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Breastfeeding over the festive season

Breastfeeding over the festive season

Sometimes it feels like everything goes out the window at Christmas. What day is it? When did I last get dressed out of my pyjamas? What did I use to eat for breakfast before mince pies? So it’s hardly surprising that lots of breastfeeding mamas struggle to keep to a routine over the holidays. You might have nailed your feeding schedule all the way up until December, and then bam. Christmas parties, family get-togethers, and present buying get in the way. However, it’s important to try and stay on track with your breastfeeding, even at Christmas, so here are some tips to help you do that. 

Why routines are so mother pumping important

Over the holidays there are so many things that can get in the way of your normal routine, with people wanting to see you and everyone asking you to do things (why is your father-in-law not capable of peeling the potatoes himself?), but keeping to a regular breastfeeding and pumping schedule should still be a priority. The potatoes can wait. Here’s why. 

  • A regular breastfeeding schedule encourages a consistent, strong flow of breastmilk to match your baby’s needs.

  • Trust us, mastitis over the holidays is not what you want for Christmas. It’s when your breasts swell and become painful due to missed feeds and it can be more common over the festive period. Beware the common curse of ‘Christmastitis’.

  • Now don’t hold us to this, but it’s been suggested that babies are likely to sleep longer and more consistently if they adapt to a schedule. Just think how many times you could watch Love Actually if you had a bit of extra time on your hands. 

Er, I’m a bit busy? 

Whether it’s Christmas dinner, a work party, or watching The Holiday on repeat, the festive season is busy. But making your breastfeeding schedule a priority is essential if you don’t want you or your baby to suffer.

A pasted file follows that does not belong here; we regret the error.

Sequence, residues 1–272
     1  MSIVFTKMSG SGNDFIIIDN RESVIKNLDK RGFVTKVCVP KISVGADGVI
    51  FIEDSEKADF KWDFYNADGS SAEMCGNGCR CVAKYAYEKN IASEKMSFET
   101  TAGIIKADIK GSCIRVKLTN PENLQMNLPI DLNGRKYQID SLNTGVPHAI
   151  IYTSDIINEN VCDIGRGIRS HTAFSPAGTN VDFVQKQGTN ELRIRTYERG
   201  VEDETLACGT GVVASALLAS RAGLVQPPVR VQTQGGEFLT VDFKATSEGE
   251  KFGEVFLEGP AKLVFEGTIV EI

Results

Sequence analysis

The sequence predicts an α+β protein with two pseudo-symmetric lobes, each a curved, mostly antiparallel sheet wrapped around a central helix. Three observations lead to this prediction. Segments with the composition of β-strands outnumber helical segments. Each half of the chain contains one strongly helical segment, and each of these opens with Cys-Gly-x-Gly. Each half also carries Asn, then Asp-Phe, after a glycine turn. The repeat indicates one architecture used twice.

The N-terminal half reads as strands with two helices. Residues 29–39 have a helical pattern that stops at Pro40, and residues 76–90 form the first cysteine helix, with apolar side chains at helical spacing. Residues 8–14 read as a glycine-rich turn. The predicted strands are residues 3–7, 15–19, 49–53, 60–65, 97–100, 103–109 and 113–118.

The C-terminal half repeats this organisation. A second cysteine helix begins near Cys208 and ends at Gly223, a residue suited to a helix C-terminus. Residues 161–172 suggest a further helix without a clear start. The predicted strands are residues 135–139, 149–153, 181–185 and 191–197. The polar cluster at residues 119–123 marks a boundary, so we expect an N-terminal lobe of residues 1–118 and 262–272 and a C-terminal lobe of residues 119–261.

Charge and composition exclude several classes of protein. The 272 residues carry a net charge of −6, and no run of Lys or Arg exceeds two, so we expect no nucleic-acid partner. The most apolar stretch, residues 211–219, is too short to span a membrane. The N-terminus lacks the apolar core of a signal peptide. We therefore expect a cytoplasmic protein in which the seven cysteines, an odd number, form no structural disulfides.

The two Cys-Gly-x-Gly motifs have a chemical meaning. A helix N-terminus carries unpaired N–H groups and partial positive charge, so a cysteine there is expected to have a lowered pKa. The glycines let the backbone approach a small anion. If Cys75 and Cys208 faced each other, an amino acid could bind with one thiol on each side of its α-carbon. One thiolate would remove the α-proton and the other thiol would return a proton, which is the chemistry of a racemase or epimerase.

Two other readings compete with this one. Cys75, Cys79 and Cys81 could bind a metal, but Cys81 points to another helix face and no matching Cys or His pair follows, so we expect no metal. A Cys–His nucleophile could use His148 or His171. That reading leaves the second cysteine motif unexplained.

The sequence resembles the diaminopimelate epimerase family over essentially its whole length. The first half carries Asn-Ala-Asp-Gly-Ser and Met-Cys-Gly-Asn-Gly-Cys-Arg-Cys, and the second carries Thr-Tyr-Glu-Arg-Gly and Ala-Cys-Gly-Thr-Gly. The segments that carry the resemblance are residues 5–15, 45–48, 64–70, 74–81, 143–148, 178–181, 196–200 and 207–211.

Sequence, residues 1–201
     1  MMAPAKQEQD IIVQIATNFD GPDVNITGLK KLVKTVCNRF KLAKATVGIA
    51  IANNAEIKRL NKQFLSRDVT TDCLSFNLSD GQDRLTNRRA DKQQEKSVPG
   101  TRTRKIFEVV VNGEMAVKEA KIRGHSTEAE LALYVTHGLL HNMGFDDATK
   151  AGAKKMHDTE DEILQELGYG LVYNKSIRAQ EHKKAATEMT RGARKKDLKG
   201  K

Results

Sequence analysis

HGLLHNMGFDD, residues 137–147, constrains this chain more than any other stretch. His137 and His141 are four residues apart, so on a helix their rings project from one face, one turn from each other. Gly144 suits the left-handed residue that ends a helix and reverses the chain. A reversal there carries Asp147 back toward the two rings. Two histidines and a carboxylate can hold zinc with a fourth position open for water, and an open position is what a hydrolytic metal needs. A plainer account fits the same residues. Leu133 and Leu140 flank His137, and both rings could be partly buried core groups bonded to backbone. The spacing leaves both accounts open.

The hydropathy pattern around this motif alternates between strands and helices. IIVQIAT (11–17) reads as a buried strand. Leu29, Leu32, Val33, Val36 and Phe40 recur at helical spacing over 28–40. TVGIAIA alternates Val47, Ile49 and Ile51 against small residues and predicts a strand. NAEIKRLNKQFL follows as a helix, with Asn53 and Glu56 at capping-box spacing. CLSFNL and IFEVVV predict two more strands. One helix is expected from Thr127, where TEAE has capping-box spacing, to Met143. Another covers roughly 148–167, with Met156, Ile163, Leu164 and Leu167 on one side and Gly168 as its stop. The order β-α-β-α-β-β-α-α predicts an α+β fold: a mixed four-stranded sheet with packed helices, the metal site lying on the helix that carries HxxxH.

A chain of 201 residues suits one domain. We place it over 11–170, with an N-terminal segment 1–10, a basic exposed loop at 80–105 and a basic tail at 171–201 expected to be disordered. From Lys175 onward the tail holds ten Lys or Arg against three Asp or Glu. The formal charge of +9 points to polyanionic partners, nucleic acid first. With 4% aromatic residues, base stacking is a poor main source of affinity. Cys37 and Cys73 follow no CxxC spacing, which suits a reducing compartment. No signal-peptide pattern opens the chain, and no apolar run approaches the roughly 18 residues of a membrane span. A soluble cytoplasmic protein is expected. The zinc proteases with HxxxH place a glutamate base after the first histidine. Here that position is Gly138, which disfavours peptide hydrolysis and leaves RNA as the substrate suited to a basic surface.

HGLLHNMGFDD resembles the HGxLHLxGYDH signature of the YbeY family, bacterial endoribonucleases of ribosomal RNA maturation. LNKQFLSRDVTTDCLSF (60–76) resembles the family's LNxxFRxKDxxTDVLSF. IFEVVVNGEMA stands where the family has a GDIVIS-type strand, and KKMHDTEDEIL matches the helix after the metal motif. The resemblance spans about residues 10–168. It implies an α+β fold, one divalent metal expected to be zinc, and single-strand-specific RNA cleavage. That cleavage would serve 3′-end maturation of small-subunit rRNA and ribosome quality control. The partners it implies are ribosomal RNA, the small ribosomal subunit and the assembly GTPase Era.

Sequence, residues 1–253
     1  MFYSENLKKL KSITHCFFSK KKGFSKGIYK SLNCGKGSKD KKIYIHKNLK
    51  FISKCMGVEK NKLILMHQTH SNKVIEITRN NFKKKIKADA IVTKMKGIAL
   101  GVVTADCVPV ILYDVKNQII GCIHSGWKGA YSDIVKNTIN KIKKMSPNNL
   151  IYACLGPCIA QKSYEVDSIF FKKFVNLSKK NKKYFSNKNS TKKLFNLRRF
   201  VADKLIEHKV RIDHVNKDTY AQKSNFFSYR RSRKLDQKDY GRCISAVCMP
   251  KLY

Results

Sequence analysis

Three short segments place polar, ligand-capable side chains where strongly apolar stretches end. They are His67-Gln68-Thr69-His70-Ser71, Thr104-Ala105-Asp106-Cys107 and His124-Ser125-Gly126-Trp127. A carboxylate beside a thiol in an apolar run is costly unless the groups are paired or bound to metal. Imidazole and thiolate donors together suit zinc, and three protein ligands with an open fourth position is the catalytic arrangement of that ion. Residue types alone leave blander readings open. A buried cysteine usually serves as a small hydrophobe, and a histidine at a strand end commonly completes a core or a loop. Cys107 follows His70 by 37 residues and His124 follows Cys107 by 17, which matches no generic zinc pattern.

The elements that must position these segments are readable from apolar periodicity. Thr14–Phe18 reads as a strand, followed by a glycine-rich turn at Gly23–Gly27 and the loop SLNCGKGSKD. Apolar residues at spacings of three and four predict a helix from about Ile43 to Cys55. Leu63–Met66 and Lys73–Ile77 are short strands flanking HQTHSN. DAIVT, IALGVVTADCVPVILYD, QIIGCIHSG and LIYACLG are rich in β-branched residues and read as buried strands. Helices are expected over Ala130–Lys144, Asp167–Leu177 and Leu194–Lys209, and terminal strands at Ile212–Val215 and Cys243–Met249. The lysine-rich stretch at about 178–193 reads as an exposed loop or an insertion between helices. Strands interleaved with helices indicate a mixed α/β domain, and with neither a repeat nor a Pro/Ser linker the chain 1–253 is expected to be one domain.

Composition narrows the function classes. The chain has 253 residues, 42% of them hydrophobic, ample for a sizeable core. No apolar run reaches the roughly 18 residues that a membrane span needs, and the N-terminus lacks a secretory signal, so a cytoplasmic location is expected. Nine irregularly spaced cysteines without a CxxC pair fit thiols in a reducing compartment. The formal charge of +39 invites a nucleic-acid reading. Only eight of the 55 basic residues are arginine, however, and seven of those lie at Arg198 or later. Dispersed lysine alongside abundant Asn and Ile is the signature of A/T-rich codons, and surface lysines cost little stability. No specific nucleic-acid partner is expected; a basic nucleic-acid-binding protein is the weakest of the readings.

• Establish some regular feeding times a couple of weeks before things get busy. Then you can try and arrange your days around these times. For example, if you know your baby needs a feed at 9 am, 11 am and again at 3 pm, 11.30 am might be a good time to plan something. 

  • Condense big tasks into smaller, more manageable tasks. One that might take 3 hours doesn’t need to be attempted in one go. You can do it in 6 chunks of half an hour even. 

  • They’re probably just trying to be nice, but don’t listen to friends and family. They might try and pressure you into finishing that game of Monopoly or joining them on that Boxing Day walk, but if you gotta feed, you gotta feed. 

  • Remember that although a feeding schedule is important, you know your baby better than anyone and if they’re signalling that they need feeding, then go ahead and feed them. Don’t wait for your allocated time if you have a hungry baby on your hands. 

Preparation is key

You know what they say, fail to prepare, prepare to fail. Well, this is definitely true of keeping to your Christmas breastfeeding routine. The more prepared you are, the more likely you’ll be to stick to your plan. 

  • If you have a good supply of milk, you could express milk in advance. That way, friends and family will be able to help with bottle feeds and you can enjoy as many glasses of guilt-free Champagne as you want. 

  • Be open with your friends and family and let them know your plans for your feeding schedule. 

Is mulled wine on the menu? 

Deciding whether or not to drink alcohol while you’re breastfeeding is a choice that’s personal to each mama. Small amounts of alcohol are unlikely to have any negative effects on your baby, and the recommended amount is under 14 units per week, spread over a few days. 

If you can’t resist a glass of fizz over Christmas, a good suggestion is to wait 2-3 hours before feeding your baby. Expressing in advance of drinking alcohol is a good idea so that they can have a bottle, while you enjoy yours.

Have a very merry Christmas mama

Even with a clear-cut schedule, on-point planning, and the best will in the world, nothing will work if you don’t look after your own wellbeing. Christmas can be a stressful time of year, especially for new mamas, but try and enjoy your baby’s first Christmas, make the most of having extra pairs of hands around and take some time to relax. Midday baths with bubbles and candles are strongly encouraged.